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J.M. Coetzee: His sentences are freeze-dried and packed tight

For a novelist of big skies and scorched landscapes, J.M. Coetzee is a curiously chilly writer. He was born in Cape Town, and South Africa was the setting for his early fiction. In 2006 he became an Australian citizen, and though his adopted country is far from his birthplace, the hostile Australian landscape is a near match for the terrain of his work. Coetzee's novels take place in hot, harsh places and yet he's a cold-blooded writer. His sentences are freeze-dried and packed tight. His people are lonely and isolated; their lovemaking is frigid, or violent; and the human body is often portrayed as ugly, like a chunk of frozen meat on a hook.

There is little compassion in Coetzee's work. As a novelist he's a lurker, a creepy watcher in the corner. He is unsentimental, and when he writes about the muck of life-about rape, or racism, for example-he does so without dirtying his sentences. There's a big chip of ice in Coetzee's heart. Where another writer might bring compassion into the narrative, Coetzee often leaves it out. The rape scene in his 1999 Booker Prize-winning novel Disgrace is a study in icy detachment. The trauma is built with a patient accumulation of details. When the academic David Lurie is set ablaze, Coetzee writes: "His eyes burn, he tries to wipe them. He recognises the smell: methylated spirits [. . .] The scrape of a match, and at once he is bathed in cool blue flame." There are no hysterics, just the facts.

Coetzee likes to map the unexplored edges of the literary canon. His novel Foe (1986) was an imaginative flight around the plot of Robinson Crusoe. In this new novel, The Childhood of Jesus, he plays with one of the best-known stories in literature: the life of Christ. But the book's relationship to the Gospels is an oblique one. He hasn't recast in his own prose what we already know from the Bible, as Norman Mailer did in The Gospel According to the Son (1997). Coetzee plays a much weirder game. He invents his own simple story, and sprinkles it with subtle hints to the life of Christ. The result is a complex allegory.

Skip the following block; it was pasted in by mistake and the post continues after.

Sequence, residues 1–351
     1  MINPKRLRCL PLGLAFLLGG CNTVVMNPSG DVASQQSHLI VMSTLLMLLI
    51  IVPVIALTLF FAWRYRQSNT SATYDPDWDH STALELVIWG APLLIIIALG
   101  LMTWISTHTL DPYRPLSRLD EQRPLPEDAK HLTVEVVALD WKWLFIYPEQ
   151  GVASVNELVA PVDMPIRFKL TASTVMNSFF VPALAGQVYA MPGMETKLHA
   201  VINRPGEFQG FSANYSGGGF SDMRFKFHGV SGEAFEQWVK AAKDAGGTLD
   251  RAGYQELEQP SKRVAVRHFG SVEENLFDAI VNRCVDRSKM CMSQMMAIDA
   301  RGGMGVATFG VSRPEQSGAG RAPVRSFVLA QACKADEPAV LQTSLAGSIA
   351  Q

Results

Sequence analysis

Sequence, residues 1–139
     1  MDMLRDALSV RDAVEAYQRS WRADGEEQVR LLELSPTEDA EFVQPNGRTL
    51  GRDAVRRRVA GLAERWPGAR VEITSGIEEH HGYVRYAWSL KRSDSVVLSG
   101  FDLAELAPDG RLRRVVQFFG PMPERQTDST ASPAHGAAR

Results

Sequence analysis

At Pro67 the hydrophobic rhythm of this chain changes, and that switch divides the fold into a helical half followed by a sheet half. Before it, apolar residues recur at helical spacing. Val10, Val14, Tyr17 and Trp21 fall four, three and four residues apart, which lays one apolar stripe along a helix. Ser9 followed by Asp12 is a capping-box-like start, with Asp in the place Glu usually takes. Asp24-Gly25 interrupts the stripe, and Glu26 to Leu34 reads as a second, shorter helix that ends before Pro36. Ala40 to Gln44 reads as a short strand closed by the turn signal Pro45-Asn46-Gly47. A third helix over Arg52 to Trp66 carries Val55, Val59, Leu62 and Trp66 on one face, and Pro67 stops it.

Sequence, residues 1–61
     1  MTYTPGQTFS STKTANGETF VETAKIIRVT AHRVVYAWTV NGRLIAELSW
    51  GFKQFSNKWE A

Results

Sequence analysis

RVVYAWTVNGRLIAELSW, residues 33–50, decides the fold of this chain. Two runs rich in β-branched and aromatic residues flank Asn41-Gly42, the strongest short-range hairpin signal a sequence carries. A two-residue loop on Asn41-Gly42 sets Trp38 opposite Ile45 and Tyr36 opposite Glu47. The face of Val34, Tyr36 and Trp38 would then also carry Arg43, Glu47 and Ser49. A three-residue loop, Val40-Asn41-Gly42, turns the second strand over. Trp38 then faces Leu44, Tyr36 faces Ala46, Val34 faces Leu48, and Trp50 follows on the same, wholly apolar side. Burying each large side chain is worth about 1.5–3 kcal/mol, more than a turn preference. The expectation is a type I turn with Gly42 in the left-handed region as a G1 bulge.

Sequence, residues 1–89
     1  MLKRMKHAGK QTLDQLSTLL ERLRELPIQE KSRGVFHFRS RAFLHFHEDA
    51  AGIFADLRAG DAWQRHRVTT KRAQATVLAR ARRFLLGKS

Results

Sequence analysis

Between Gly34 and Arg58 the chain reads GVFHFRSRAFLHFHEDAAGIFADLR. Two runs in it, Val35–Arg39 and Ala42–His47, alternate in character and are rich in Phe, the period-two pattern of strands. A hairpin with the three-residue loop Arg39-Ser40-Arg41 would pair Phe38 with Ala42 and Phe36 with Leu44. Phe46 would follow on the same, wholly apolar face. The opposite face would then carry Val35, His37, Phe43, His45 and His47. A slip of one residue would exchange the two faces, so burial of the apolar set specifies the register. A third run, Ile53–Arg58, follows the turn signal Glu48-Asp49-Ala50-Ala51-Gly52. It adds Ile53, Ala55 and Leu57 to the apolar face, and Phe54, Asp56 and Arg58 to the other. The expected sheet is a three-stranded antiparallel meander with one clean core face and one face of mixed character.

The novel is set in the fictitious city of Novilla. A five-year-old boy, David, arrives in this strange city. There is a man with him, Simón. Like Joseph in the Gospels, Simón has an unusual relationship with the child in his care. Simón says that David is "not my grandson, not my son, but I am responsible for him". The pair came by way of Belstar, a "camp", where they spent six weeks learning basic Spanish, the language of Novilla. They've arrived like all newcomers to Novilla, with "no memories, with a blank slate".

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R Taus
March 2nd, 2013
10:03 PM
The last Master-Craftsman to have won the Booker Prize remains V S Naipaul.What passes for serious contemporary fiction is worse than fashionable gimmick: it is a trendy self-obsession which finds validity within a closed, incestuous circle of a very vain fraternity. The persecuted writer as a latter-day Christ...One couldn't, if one tried, come up with a more narcissistic motif - the deeply immodest gesture of one of today's literary Priest-Kings usurping for himself the mantle of cosmic suffering. I remember reading `the Davidson Affair' as a kid and being admonished for reading `trash'.Granted Stuart Jackman was no Saul Bellow, but he was able to tell a story without letting his ego wrest away the narrative.Nor did the journeyman win the Nobel Prize. I look forward to the Coatzee episode of your `over-rated' -reputations feature.

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